October 20, 2009
(NewsUSA) – The allure of Internet deals and the pure
convenience of "click and ship" continue to drive shoppers online this holiday season. An estimated
$44 billion will be spent online purchasing holiday gifts in 2008, up more than 12 percent over
Although more money will be spent online this holiday season, consumers are concerned
about security risks when making purchases over the Internet. According to a CA-sponsored survey,
72 percent of consumers in North America think retailers do not spend enough on online security and
To help ease consumer worry, security experts at CA, Inc. offer the following tips
to help consumers protect themselves online this holiday season.
-Secure, then shop. Before connecting to the Internet, be sure to install anti-virus,
a firewall and anti-spyware programs.
-Update, Update, Update. The bad guys constantly update their techniques, so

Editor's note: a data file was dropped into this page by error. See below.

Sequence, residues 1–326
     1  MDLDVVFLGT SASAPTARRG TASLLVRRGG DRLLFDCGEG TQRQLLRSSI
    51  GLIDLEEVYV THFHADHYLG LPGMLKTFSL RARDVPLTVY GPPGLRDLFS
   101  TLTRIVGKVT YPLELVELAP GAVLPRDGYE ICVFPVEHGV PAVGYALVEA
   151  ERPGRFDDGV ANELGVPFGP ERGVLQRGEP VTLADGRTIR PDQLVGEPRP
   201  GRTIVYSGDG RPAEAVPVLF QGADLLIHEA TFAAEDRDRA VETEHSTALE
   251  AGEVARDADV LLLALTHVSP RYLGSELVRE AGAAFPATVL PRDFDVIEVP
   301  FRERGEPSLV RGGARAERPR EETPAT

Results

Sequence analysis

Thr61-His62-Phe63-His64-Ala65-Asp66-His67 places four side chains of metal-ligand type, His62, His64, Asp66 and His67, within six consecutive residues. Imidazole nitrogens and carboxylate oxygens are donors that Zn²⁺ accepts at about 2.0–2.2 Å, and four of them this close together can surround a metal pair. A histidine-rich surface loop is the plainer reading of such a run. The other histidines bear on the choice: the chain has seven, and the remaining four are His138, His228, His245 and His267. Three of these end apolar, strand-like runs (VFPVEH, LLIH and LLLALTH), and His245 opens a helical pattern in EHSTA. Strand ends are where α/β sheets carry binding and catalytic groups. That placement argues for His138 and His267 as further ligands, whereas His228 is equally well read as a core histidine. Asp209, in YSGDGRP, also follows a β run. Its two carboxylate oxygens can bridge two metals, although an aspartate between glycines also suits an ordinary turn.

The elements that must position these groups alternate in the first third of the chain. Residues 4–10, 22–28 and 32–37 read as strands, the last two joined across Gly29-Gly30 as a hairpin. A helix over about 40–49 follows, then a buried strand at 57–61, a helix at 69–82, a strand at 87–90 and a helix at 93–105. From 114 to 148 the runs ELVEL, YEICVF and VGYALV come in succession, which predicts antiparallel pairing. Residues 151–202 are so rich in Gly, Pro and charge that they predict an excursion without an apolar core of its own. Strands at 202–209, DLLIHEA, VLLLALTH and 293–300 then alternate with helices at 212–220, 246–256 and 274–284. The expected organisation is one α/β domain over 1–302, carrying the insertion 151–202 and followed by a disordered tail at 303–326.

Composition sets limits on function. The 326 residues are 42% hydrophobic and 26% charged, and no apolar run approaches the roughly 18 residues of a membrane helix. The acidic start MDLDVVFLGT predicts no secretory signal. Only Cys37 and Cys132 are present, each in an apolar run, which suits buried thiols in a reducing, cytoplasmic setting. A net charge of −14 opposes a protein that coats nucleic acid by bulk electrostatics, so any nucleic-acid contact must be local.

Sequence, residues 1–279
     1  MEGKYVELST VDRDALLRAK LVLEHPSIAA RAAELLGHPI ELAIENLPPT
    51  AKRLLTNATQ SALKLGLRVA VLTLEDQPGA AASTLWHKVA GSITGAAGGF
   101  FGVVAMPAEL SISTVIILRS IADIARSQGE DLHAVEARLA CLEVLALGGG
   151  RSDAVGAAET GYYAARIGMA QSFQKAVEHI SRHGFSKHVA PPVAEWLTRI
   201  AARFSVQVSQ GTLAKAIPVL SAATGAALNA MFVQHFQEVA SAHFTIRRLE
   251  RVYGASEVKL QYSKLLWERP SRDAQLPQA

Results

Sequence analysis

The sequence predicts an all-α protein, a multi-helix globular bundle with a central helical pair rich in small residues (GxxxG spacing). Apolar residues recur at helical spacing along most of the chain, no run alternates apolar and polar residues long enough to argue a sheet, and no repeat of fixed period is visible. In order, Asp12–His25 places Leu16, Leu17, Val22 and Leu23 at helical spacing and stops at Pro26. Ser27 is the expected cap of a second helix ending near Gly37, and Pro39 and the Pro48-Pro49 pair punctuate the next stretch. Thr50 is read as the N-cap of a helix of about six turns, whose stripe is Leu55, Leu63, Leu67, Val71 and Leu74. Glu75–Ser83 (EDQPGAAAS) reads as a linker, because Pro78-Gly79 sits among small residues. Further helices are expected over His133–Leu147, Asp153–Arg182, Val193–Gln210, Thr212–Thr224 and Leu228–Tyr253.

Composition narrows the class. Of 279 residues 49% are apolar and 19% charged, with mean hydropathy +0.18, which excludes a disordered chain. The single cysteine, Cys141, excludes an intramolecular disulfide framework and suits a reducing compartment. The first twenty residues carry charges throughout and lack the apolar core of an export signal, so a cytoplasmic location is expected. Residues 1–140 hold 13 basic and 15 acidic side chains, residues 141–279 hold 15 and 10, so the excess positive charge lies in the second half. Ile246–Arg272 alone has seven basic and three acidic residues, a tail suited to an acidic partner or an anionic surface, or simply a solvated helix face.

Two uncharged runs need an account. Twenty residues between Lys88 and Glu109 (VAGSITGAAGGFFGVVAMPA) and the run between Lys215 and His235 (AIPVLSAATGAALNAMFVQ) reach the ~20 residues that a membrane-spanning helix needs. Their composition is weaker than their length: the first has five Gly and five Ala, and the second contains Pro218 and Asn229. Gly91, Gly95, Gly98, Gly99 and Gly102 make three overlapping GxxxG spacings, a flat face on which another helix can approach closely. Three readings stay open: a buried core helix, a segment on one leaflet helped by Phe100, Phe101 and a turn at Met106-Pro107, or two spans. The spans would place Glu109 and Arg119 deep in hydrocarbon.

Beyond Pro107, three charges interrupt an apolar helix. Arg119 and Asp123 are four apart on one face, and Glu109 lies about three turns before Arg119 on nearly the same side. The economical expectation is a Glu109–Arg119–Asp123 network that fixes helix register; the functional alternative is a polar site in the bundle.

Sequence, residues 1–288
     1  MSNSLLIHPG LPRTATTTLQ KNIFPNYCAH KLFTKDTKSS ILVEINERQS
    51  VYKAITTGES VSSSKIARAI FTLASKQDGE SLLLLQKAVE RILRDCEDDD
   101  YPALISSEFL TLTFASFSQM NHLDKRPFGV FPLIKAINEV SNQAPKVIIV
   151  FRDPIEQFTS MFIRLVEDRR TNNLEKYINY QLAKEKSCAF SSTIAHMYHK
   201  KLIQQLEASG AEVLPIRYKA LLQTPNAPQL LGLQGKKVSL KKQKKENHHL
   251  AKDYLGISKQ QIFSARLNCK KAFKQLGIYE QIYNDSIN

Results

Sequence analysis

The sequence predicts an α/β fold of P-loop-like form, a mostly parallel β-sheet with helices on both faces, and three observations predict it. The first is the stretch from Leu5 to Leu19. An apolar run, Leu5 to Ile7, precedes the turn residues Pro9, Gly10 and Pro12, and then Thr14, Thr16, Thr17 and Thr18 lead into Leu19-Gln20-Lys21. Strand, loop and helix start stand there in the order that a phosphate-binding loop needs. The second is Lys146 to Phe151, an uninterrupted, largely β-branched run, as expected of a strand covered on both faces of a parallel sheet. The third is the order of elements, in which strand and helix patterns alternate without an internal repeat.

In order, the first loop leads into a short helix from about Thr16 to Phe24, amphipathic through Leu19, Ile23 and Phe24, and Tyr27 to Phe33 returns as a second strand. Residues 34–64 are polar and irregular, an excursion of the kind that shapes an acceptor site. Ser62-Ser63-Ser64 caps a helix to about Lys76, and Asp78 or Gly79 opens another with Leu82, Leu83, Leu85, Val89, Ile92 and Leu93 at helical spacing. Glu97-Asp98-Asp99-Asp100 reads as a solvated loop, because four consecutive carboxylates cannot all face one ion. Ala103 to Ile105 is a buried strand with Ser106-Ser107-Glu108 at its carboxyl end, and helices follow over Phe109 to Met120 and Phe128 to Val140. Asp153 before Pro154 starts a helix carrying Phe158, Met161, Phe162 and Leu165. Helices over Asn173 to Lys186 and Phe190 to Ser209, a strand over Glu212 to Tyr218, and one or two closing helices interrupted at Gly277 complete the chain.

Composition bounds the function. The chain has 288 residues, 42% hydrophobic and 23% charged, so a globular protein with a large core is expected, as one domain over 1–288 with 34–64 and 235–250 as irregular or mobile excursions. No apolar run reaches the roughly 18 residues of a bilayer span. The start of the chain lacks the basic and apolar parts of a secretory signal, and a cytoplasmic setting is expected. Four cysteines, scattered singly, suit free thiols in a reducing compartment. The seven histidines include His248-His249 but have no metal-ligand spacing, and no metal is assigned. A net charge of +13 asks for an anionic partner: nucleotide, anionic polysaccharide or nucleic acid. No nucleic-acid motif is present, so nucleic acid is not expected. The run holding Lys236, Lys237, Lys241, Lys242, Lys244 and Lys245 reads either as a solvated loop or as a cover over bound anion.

consumers need to update their protection. Make sure your firewall, anti-virus, anti-spyware and
operating software are up-to-date.
-Never shop on an open wireless network. Open networks are easy targets for
hackers to break into your computer and capture financial information.
-Know who you're dealing with. Get the name and physical address of any online-retailer
before submitting personal or financial information. When shopping online auctions, check the track
record of the seller before bidding.
-Never e-mail your personal or financial information. E-mail is not a secure method of
sending information like your credit card, bank account or Social Security number.
-Look for secure payment processing. When a Web site processes your payment
information, be sure the URL address changes from HTTP to SHTTP or HTTPS. This indicates that the
purchase is encrypted or secured.
-Be alert and be suspicious. Identity thieves count on the holiday rush to catch
consumers off guard with bogus e-mails that seem to be coming from a legitimate organization such
as the bank, the IRS or UPS. These "phishing" scams can lure shoppers into divulging personal
information. Be suspicious of anyone asking for additional personal information or asking you to
click on links in an e-mail.